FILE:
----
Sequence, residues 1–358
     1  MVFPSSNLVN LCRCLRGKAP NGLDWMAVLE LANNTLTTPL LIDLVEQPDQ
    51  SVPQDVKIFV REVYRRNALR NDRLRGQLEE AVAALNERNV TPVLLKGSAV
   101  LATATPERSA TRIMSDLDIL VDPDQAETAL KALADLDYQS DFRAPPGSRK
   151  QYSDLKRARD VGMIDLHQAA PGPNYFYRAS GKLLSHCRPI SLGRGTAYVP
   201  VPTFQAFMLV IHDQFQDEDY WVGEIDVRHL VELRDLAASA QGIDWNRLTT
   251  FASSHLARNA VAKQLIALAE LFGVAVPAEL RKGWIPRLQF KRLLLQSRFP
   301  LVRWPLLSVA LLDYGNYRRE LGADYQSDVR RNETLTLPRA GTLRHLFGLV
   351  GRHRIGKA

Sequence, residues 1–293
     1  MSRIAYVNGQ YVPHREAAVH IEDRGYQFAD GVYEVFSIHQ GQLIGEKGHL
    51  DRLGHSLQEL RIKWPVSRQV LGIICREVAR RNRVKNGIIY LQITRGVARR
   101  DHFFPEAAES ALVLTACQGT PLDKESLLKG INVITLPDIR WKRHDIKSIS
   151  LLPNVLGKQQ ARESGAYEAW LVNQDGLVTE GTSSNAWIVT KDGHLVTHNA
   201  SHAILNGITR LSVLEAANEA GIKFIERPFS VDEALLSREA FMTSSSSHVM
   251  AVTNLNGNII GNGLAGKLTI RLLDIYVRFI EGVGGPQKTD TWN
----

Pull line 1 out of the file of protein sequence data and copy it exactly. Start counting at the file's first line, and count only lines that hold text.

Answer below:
Sequence, residues 1–358